More than one, actually. A diagnosis of Major Depressive Disorder and Anxiety Disorder was followed by one of Borderline Personality Disorder … which is a mood disorder that makes it hard to control my emotions. For many years, I didn’t know that I was ill and lived a chaotic life of emotional upheaval. On the outside, it appeared that I was like everyone else, but inside my mind it was a torturous nightmare. I was a young mother of two children caught in an abusive marriage when I first experienced a psychotic break and ended up in the hospital. It was frightening to me and to my loved ones. That first hospitalization led to many years of fighting to get my life under control, while trying to determine what was happening to me.
Diagnosis of mental illness isn’t easy.
The doctors go by your history and behaviour and try a variety of medications and treatments to come up with a final determination. I felt a sense of relief once I knew what I was living with and could begin to learn more about myself.
My thirties were the decade of being out of control. I felt like I was on a runaway train. Nothing could stop my self-destructive behaviour. My life was a mix of hospitals, intense therapy, addiction issues, and suicide attempts. My first attempt to end it all wasn’t taken as seriously as it should have been, most likely due to the fact that I lived in a small community with limited psychiatric care. I spent four days in the hospital and saw a psychiatrist via videoconference.
My second attempt landed me in the hospital for a month, and led to finally receiving the psychiatric care that I needed.
Navigating my way through the mental health system was a nightmare. I felt sick, alone and afraid. The system is not designed to be user-friendly and many times I felt like a mouse caught in maze, desperately looking for a way out. I met many broken souls and saw them fall through the cracks in the system. I enrolled in a 12 week outpatient program at the Grey Nuns Hospital in Edmonton and it literally saved my life. One person in particular was key to helping me gain insights into myself. I had help, but overall, the person that saw me through it all was myself. In the depths of my despair I made a vow that if I ever got to a place where I felt better, I would make it my mission to help others navigate the maze.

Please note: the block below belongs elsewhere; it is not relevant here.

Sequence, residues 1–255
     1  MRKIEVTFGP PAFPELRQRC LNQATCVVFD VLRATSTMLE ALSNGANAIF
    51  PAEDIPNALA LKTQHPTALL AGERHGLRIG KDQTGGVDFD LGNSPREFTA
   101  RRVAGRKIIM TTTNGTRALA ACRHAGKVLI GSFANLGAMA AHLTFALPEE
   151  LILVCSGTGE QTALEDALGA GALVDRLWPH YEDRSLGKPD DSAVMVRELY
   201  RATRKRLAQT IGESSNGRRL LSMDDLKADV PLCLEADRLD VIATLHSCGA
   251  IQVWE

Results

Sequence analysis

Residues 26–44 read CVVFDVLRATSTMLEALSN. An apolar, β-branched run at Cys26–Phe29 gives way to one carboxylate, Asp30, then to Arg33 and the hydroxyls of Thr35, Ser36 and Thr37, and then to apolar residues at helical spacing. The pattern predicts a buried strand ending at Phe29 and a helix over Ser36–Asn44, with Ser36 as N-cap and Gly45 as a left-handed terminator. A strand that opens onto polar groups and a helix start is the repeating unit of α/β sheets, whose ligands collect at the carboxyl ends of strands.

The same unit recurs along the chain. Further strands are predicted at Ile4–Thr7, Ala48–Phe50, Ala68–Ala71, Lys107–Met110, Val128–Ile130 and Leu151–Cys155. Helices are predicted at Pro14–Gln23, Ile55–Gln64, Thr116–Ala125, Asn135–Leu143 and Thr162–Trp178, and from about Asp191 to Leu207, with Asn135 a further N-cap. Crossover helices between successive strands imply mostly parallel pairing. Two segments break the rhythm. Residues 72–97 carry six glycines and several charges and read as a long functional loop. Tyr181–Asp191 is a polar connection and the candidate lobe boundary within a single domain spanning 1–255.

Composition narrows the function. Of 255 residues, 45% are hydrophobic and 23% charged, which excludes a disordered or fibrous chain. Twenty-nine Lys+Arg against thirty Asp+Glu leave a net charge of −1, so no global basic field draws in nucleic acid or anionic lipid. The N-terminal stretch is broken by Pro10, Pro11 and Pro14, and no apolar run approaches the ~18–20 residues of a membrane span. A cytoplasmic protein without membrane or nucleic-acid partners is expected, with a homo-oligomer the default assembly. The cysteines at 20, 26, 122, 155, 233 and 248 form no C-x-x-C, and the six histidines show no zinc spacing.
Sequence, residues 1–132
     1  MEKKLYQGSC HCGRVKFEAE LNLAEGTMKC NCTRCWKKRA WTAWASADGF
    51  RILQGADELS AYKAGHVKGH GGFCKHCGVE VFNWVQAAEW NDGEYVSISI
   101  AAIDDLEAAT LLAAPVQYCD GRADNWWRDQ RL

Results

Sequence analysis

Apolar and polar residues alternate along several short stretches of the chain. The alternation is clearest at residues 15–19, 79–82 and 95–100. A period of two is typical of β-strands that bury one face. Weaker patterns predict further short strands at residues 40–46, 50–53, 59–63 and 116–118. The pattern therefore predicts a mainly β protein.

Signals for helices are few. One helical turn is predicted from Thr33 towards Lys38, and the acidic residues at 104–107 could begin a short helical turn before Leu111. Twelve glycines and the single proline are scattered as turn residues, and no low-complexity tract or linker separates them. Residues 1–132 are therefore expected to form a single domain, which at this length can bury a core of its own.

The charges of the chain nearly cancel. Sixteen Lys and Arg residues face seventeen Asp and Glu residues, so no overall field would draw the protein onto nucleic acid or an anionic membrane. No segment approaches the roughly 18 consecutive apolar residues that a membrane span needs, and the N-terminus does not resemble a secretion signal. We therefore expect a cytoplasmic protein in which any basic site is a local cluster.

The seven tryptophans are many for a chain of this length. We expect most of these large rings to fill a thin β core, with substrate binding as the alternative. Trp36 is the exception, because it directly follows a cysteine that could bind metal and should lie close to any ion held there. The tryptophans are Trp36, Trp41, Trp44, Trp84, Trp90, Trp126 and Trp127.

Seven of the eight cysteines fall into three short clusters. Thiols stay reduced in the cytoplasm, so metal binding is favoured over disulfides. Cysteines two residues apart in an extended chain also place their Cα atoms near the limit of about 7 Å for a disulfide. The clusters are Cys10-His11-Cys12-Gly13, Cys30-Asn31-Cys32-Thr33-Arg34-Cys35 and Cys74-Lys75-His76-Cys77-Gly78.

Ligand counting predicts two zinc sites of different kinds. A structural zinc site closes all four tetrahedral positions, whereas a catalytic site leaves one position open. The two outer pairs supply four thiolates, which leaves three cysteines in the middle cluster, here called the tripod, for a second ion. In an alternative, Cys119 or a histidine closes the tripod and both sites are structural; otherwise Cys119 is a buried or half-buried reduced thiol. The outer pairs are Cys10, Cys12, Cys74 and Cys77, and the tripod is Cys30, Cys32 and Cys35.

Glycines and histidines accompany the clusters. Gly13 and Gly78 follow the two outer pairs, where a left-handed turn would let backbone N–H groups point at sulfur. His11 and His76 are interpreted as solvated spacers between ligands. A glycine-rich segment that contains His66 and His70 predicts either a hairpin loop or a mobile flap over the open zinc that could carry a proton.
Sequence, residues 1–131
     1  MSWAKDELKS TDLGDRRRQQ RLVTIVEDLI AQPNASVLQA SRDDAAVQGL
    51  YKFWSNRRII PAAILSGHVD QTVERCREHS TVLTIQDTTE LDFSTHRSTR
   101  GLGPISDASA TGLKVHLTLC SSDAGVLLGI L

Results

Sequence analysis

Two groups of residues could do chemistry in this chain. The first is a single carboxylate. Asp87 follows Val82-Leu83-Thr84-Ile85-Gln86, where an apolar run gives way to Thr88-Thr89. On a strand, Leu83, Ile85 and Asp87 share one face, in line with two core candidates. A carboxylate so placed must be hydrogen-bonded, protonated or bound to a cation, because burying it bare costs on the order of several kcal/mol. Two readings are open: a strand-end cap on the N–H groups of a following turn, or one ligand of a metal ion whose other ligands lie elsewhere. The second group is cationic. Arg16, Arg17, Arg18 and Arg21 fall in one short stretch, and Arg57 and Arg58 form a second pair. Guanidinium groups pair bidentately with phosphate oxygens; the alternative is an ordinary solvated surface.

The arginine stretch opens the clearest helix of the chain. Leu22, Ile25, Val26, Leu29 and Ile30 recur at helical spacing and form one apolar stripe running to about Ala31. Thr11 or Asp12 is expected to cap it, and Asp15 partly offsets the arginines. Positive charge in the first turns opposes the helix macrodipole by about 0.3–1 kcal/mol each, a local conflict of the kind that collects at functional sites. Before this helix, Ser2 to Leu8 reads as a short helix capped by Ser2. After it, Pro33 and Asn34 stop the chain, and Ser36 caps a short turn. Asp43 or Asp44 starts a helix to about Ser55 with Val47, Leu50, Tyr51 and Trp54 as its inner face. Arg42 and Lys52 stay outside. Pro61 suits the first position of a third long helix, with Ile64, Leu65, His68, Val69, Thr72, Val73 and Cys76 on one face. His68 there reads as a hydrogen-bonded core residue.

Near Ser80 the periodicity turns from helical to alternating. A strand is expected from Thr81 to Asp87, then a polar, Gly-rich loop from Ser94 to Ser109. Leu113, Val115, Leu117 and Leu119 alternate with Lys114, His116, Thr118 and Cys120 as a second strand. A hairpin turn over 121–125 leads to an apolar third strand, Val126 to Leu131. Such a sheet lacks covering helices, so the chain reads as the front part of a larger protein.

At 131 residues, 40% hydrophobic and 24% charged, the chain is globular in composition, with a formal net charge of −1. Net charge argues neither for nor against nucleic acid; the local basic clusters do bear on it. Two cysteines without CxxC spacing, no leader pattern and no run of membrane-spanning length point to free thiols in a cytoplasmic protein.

After forty years my life finally began to stabilize. I married a man who provided me with the love and nurturing that I needed and deserved and slowly I began to heal. Extensive therapy helped me get a better handle on my illnesses and began practicing better self-care. I learned that loving myself was just as important as loving others. With the help of some great therapists and a strong determination to succeed, I began to move from crisis mode to recovery mode. I discovered my mission: to help people who weren’t strong enough to speak up for themselves or find their way through the maze. I was inspired by the work that some of the people I met in mental health were doing and I wanted to help others.
I started blogging about what it’s like to live with mental illness. I started a Facebook page to share inspirational stories and articles about mental illness as my way of raising awareness and removing stigma. In July of 2014 I launched a Peer Support group along with my partner, Tre Podarunok to help people living in Edmonton. We started an online group and in just a few short months we’ve grown to over 250 local members who support one another through the journey. We host weekly support meetings to increase those connections. All of this is done through our own volunteer time and dollars. Our eventual goal is to establish a peer support centre in Edmonton that will help those living with a mental illness overcome the challenges they face.
Defeat is a choice.
It would have been easy to give up and let the illness win but instead I chose to fight and help others. I believe that the voices of a few can make a difference in the lives of many.